In releasing the latest “I series” sub-category of Sigma’s Contemporary lineup, consisting of the newly-announced 24mm f/3.5, 35mm f/2, and 65mm f/2 lenses, Sigma CEO Kazuto Yamaki discoursed for the better part of half an hour on his intent for future lens releases. The video is also available in the original Japanese version, which contains some significant additional casual remarks about Sigma strategy and plans.

More than other camera and lens manufacturers, Sigma’s primary owner and CEO is the driving force behind the company’s product planning and design efforts. Prior to COVID-related changes, he sat at a desk in the design department. His engaging, low-key personality, coupled with his fluency in English, appears to have provided Sigma with a much better feedback mechanism between international market desires and the firm’s product planning. So his remarks contain more real information that one would expect from the typical Japanese CEO remarks that often appear to attempt to say very little.

The take-aways:

  • The new lenses are striving for almost-Art level quality; low price; small size; sacrificing aperture versus the Art series
  • The new lenses further confuse the already-muddled Sigma model categories, introducing yet another layer of classification – called the I series. That I class appears not to really be a series at all (it does not appear on the lens itself) and the lenses are badged and categorized within the C, or Contemporary series – which itself is a confused mish-mash of both cheap consumer lenses (18-300mm) and extremely high quality (16mm f/1.4 DC DN).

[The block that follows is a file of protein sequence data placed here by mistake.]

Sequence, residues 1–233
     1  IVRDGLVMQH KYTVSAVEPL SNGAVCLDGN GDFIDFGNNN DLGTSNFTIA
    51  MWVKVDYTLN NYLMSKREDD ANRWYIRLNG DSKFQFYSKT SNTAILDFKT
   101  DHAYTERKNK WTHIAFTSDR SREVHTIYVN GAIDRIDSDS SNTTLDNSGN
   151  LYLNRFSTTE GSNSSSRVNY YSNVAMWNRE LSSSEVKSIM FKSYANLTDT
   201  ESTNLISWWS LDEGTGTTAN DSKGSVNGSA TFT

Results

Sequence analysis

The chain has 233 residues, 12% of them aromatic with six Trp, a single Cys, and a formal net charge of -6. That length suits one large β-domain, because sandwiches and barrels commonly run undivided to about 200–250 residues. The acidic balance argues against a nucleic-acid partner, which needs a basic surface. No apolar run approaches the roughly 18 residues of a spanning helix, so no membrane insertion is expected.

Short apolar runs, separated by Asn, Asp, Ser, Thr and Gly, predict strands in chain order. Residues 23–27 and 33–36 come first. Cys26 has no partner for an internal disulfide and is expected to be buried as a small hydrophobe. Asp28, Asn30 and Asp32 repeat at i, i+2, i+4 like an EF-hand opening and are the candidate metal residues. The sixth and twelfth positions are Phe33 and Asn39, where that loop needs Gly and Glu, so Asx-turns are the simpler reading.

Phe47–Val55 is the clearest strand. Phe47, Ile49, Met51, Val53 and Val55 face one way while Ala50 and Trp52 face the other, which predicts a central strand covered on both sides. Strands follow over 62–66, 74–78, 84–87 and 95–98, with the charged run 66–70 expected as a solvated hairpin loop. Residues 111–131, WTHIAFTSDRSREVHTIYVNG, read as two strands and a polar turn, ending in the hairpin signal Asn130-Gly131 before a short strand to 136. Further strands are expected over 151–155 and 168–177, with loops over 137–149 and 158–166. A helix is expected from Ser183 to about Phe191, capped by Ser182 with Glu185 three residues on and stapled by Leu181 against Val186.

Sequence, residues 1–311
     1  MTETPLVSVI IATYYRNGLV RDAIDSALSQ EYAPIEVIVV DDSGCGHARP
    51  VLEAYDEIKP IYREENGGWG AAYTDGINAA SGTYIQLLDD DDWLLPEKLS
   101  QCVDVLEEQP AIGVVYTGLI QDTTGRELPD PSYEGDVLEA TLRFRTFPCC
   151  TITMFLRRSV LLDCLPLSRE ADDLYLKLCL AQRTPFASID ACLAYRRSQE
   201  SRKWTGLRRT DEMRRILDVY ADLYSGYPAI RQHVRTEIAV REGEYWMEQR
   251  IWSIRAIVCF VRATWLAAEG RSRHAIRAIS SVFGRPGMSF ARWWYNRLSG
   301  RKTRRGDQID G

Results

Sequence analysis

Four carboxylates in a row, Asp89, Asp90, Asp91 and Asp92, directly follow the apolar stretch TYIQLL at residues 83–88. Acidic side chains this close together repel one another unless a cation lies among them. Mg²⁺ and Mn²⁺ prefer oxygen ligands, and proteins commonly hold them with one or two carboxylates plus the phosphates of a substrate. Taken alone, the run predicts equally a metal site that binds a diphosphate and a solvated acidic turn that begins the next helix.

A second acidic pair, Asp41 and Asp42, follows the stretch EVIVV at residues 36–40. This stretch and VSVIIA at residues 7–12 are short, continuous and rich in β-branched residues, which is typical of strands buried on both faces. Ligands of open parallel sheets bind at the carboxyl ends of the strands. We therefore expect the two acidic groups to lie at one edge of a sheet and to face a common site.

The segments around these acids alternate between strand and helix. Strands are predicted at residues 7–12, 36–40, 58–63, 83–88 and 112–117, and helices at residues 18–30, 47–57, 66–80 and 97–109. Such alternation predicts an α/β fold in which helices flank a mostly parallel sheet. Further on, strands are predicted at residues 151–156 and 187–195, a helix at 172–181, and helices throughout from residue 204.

• Most importantly Yamaki telegraphed the firm’s future development priorities. They include designing lenses for mirrorless, suggesting DSLR designs are done. Yamaki showed examples proving that Sigma has much work to do in order to continue fleshing out mirrorless designs, both in terms of filling out certain categories (macro, super-telephoto, f/2.8 zooms) and also taking existing DSLR designs and employing their new mirrorless design innovations to shrink them, improve their image quality, and in some cases even increase their apertures.

As yet, Sigma is releasing these new designs in Sony E-mount and its own L-Mount Alliance L-mount. Still no word on any plans to open up the Nikon Z-mount mirrorless system or the Canon RF-mount system. None of the mirrorless designs will be compatible with the DSLR mounts, as mirrorless designs are incompatible with the required flange distance specifications.